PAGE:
A banking group in Spain has awarded nearly $550,000 to University of California, Berkeley, chemistry professor Gabor A. Somorjai "for his pioneering experimental and conceptual contributions to the understanding of surface chemistry and catalysis at a microscopic and molecular level."
The prize is the 2010 Frontiers of Knowledge Award in Basic Sciences given out by the science-promoting arm of Banco Bilbao Vizcaya Argentaria (BBVA).
Somorjai, who is also a faculty senior scientist at Lawrence Berkeley National Laboratory, says, "I'm truly honored to be recognized this way, adding that much of the credit for his research accomplishments goes to his LBNL and Berkeley colleagues, whose creativity "has fostered an atmosphere of scientific excellence."
For more than 40 years, Somorjai has been uncovering subtle and long-hidden physical and chemical details of solid surfaces and of thin layers of molecules that form an interface with such surfaces. By developing novel surface-science instruments and methods for using them, he and his research group have helped drive understanding of surface-mediated chemical reactivity to the atomic level.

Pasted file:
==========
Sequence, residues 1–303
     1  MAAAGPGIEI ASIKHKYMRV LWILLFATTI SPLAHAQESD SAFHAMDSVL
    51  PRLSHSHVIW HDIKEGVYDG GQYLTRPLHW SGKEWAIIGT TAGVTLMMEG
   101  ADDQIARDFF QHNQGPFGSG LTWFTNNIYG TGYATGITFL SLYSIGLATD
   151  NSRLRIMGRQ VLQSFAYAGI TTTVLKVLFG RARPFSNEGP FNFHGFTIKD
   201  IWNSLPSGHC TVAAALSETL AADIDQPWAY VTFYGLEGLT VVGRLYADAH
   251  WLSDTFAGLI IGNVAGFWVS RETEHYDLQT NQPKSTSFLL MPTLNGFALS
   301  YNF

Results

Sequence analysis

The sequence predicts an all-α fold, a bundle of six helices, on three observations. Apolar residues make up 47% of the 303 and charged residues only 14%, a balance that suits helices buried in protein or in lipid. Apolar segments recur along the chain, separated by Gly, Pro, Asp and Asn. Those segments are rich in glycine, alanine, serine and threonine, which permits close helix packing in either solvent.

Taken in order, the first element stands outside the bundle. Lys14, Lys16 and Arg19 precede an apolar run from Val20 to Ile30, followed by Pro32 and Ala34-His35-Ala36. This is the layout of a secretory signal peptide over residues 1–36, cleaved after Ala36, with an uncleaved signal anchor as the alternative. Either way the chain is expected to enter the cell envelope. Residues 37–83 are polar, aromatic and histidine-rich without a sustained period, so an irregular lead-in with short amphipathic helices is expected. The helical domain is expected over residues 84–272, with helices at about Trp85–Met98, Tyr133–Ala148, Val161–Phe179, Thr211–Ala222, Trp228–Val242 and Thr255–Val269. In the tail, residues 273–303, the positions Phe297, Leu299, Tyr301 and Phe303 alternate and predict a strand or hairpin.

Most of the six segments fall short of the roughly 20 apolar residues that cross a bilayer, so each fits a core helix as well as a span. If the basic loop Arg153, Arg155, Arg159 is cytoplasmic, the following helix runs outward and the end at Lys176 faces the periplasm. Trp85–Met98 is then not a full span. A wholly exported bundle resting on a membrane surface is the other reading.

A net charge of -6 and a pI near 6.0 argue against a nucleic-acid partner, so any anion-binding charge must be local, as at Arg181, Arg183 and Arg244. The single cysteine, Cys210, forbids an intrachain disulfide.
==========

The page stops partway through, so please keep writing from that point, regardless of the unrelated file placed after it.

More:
This broad collection of research techniques has been used to elucidate chemical reaction pathways that underlie surface catalysis. The methods have also led to more efficient and more selective catalysts for fuel production and pollution abatement; the advancement of microelectronics and data-storage technologies; and basic understanding of chemical processes occurring on biological surfaces.
"This honor is quite prestigious and it is very befitting that it be given to Somorjai, an outstanding and deserving awardee," says Harvard University chemistry professor Hongkun Park, a member of the prize-awarding jury. Park adds that Somorjai's contributions to surface chemistry are crucially important to many pressing technical issues of global importance including energy production and conversion, clean water, and green chemistry.
This year marks just the third time that BBVA is recognizing scientists with its Frontiers of Knowledge Awards. In addition to the basic sciences category, which includes physics, chemistry, and mathematics, the foundation also honors researchers for work in information and communication technologies and climate change.
Previous winners in the basic sciences category include, in 2009, Stanford University chemist Richard N. Zare and University of Maryland physicist Michael E. Fisher; and in 2008, physicists Ignacio Cirac of the Max Planck Institute for Quantum Optics in Garching, Germany, and Peter Zoller of the University of Innsbruck, Austria.